July 26, 2012
+ Available on ARRL Audio News.
+ ARRL Board Plans for 2014 Centennial Celebration at 2012 Second Meeting
When the ARRL Board of Directors met for its 2012 Second Meeting July 20-21 in Windsor, Connecticut, it did so with a full agenda. Besides hearing and approving recommendations from its two standing committees -- the Administration and Finance Committee and the Programs and Services Committee -- the Board voted to hold the 2014 ARRL National Convention July 17-20 in Hartford, Connecticut, the birthplace of the League in 1914. Read more here.
+ ARRL Board of Directors Names Award Recipients at 2012 Second Meeting
The ARRL Board of Directors named four ARRL award recipients at their July 20-21 meeting in Windsor, Connecticut: the 2011 Doug DeMaw, W1FB, Technical Excellence Award; the 2012 ARRL Technical Innovation Award; the 2012 Philip J. McGan Memorial Silver Antenna Award, and the 2012 Herb S. Brier Instructor of the Year Award. In addition, the Board named former ARRL West Gulf Division Director Thomas W. Comstock, N5TC, as Director Emeritus of the ARRL. Read more here.
+ End of an Era: Heathkit Declares Bankruptcy, Closes for Good (Again)
The July 19 edition of The Herald-Palladium -- a newspaper serving the communities of Benton Harbor and St Joseph, Michigan -- is reporting that Heathkit Education Company has declared bankruptcy and has officially closed its doors after defaulting on its lease. According to the paper, Heathkit employed more than 1800 people in its heyday after World War II. When it finally closed, its workforce totaled fewer than six people. This is the second time since 1992 that Heathkit Educational Services has shuttered its doors. In August 2011, Heathkit announced it was returning to the kit building business, and in September, that it would once again be manufacturing Amateur Radio kits. Read more here.
On the Air: The Bands Heat Up for the 2012 ARRL August UHF Contest
VHF/UHF weak-signal operators across North America are making final tests on their stations in preparation for the ARRL August UHF Contest, which is coming up over the weekend of August 4-5. According to ARRL Contest Branch Manager Sean Kutzko, KX9X, this contest will focus on 222 MHz and above. There will be lots of activity, and hopefully lots of propagation, too! "With much of the nation in the midst of a summer heat spike, high-pressure zones can begin to form in the atmosphere," Kutzko explained. "If they stick around long enough -- and are stable enough -- enhanced propagation can occur in the troposphere, extending the normal usable range of UHF+ frequencies from line-of-sight to several hundred miles. Several cloudless days with very little wind are signs that enhanced tropospheric enhancement could be coming your way."Read more here.
+ On the Air: Special Event Stations in London and Wales On the Air for 2012 Olympic and Paralympic Games
Two special event call signs were activated on Wednesday, July 25 to celebrate the London 2012 Olympic and Paralympic Games: 2O12L from London, England and 2O12W from Barry, Wales. Both stations will be on the air for the duration of the Games -- July 25-August 12 -- and continuing through September 9. Organizers hope to make at least 80,000 contacts during the seven weeks that 2O12L and 2O12W are on the air. Read more here.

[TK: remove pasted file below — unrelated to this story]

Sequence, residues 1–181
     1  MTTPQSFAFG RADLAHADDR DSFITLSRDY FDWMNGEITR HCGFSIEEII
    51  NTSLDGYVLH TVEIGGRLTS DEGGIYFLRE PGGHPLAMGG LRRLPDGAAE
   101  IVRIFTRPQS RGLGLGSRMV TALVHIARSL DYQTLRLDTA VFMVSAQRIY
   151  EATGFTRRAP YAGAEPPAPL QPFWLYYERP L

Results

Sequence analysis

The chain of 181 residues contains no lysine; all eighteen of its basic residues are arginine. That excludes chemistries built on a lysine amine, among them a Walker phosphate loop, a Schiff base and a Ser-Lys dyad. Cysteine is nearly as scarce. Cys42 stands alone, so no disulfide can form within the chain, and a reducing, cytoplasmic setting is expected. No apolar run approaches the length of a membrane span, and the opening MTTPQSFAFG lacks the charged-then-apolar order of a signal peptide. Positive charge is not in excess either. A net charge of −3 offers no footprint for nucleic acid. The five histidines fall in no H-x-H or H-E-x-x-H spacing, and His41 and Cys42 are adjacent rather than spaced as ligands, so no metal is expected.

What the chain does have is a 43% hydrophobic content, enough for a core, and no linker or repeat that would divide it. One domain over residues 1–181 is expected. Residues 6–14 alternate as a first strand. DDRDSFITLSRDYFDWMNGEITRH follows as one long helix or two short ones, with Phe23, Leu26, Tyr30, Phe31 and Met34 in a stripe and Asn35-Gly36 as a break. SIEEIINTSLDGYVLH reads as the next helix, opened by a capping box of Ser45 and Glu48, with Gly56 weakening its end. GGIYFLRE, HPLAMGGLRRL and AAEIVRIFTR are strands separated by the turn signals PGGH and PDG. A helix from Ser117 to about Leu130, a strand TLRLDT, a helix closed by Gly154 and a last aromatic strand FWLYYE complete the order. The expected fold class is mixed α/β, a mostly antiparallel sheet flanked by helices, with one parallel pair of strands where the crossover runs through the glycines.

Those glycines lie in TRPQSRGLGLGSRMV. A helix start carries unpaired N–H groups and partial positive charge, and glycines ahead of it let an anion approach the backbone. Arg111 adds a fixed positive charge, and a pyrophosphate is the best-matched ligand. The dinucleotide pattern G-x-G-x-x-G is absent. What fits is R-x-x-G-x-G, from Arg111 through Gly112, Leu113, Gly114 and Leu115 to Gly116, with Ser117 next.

+ FCC News: Vanity Call Sign Fee to Go Up 80 Cents
On July 20, the FCC announced that the cost of an Amateur Radio vanity call sign will increase 80 cents, from $14.20 to $15. The fee will increase 30 days after notice of the increase is published in the Federal Register; no date has yet been set for publication. Earlier this year, the FCC released a Notice of Proposed Rulemaking and Order, seeking to raise the fee for Amateur Radio vanity call signs. The vanity call sign fee has fluctuated over the 14 years of the current program -- from a low of $11.70 in 2007 to a high of $70 (as first proposed in the FCC's 1994 Report and Order). In FY 2012, the FCC expects to grant 14,300 vanity call signs, bringing in $214,500 from the vanity call sign program, and looks to recover a total of $339,844,000 in fees from all the Services that it regulates. Read more here.
ARRL Recognizes: Vic Poor, W5SMM, Receives ARRL President's Award
On July 9, Victor (Vic) Poor, W5SMM, of Melbourne, Florida, was awarded the ARRL President's Award at the Platinum Coast Amateur Radio Society's (PCARS) monthly meeting that was attended by nearly 100 hams and non-hams, many from out of town. There have been only a handful of recipients of this prestigious award.
Poor -- an ARRL member -- developed an active interest in ham radio while still in high school and became W6JSO in 1951. He has also held the calls AH6AXV and K3NIO. He quickly developed an affinity for RTTY and later other digital modes of interest in Amateur Radio.
Poor has been instrumental in the development of many hardware and software innovations that are at the heart of modern day computing and communications technology, used both in Amateur Radio and in industry.